Sober on Purim
Food and booze are omnipresent in Jewish life, marking most holidays and every Shabbat. How should we, along with Jews in recovery, and their loved ones, approach the ubiquity of alcohol, even when it is part of sanctifying our observances? And with Purim coming, how can we make a holiday where getting drunk is actually encouraged, a safe and holy experience for everyone?
“We definitely need more healthy places for Jews and other people in recovery,” says Marc Pimsler, a founder of Sober Shabbat events in Atlanta. His pivotal moment of commitment to recovery happened in 2004 at Congregation Kol Emeth during the high holy days. Today, with a decade of sobriety under his belt, Marc knows how precarious the road to recovery can be. “I think a lot about the challenges of leading a sober Jewish life. Purim is the holiday that exemplifies the addict’s dilemma. It’s all about hiding, putting on a show. My substance abuse was a kind of pageantry, finding a way to numb myself, take away the pain by creating a disguise. Like Esther, I was hiding my authentic self.”
Rabbi Malka Packer-Monroe, Director of InterfaithFamily Atlanta, and Mandy Wright, Program Manager of JF&CS’s HAMSA program (Helping Atlantans Manage Substance Abuse), have been partnering to create sober spiritual options. Rabbi Packer-Monroe speaks to the special challenges of Purim: “According to Jewish law, those who identify as Jewish are supposed to become so inebriated on Purim that they don’t know the difference between Mordechai and Haman. There is a teaching that we are to get so drunk that we experience everything as G-d. Good and evil are both part of G-d’s world and we should experience them as one.”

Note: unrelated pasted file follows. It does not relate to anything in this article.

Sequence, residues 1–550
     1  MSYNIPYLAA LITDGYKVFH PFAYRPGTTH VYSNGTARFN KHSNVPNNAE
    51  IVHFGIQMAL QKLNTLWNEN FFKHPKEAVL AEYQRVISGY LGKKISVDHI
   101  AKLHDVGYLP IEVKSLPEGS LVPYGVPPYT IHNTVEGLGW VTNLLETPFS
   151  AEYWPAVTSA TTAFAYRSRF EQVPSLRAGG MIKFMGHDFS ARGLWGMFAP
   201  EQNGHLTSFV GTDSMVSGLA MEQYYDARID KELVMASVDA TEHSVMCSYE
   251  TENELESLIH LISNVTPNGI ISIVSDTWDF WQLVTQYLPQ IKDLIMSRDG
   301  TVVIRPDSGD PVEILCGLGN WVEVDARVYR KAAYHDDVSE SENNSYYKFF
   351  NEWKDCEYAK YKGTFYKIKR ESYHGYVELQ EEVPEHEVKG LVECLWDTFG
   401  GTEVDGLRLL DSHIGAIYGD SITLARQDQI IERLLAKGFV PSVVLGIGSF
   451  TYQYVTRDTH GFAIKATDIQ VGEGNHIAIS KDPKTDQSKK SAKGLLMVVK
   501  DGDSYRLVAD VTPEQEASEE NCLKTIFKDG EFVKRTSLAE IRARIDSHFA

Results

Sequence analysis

“The irony is that for people in recovery from addiction, it is drinking and drugging and using other substances that blocks them from their connection to a Higher Power. Using substances was their way to check out and not be present with the “Mystery.” One way to the Source of Life for many people is through quiet meditation and spiritual community. We’re creating places for Jews and their loved ones to celebrate in spaces where there is no alcohol. We would like to support Jewish organizations and institutions who are hosting Sober Purim experiences for adults.”
Taking their lead from InterfaithFamily and HAMSA, more and more organizations in Jewish Atlanta are adjusting their practices. This year’s Purim Off Ponce event will not be fully dry, but there will be a signature non-alcoholic drink served, crafted by a mixologist who caters to sober events. Other Jewish events are featuring “mocktails” and other alcohol-free options. There have been national Birthright Israel trips for people in recovery. It’s also possible to host a sober shabbat through OneTable Atlanta (the next one is on April 12,) and OneTable offers a guide to creating a OneTable sober Shabbat.
HAMSA’s Mandy Wright says, “We want to push our community to shift the culture around drinking by offering fun, appealing, non-alcoholic alternatives either in place of, or in conjunction with, the traditional alcoholic offerings at fundraisers, celebrations, and more.”
“On March 20 there will be a Sober Purim Celebration Chabad Intown, which recently created Jeff’s Place, to support people in recovery, says Marc Pimsler. “And remember, the word ‘sober’ doesn’t just refer to alcohol. Sobriety is for all people in recovery, whether from trauma, abuse, mental illness, or substance abuse. For years I thanked G-d for alcohol and drugs. They saved me from killing myself. But now, I’m married and in the first healthy relationship of my life. My husband Ashley is a Christian whose depth of spirit is amazing. He re-inspires me every day to cherish Judaism and stay on a healthy path.”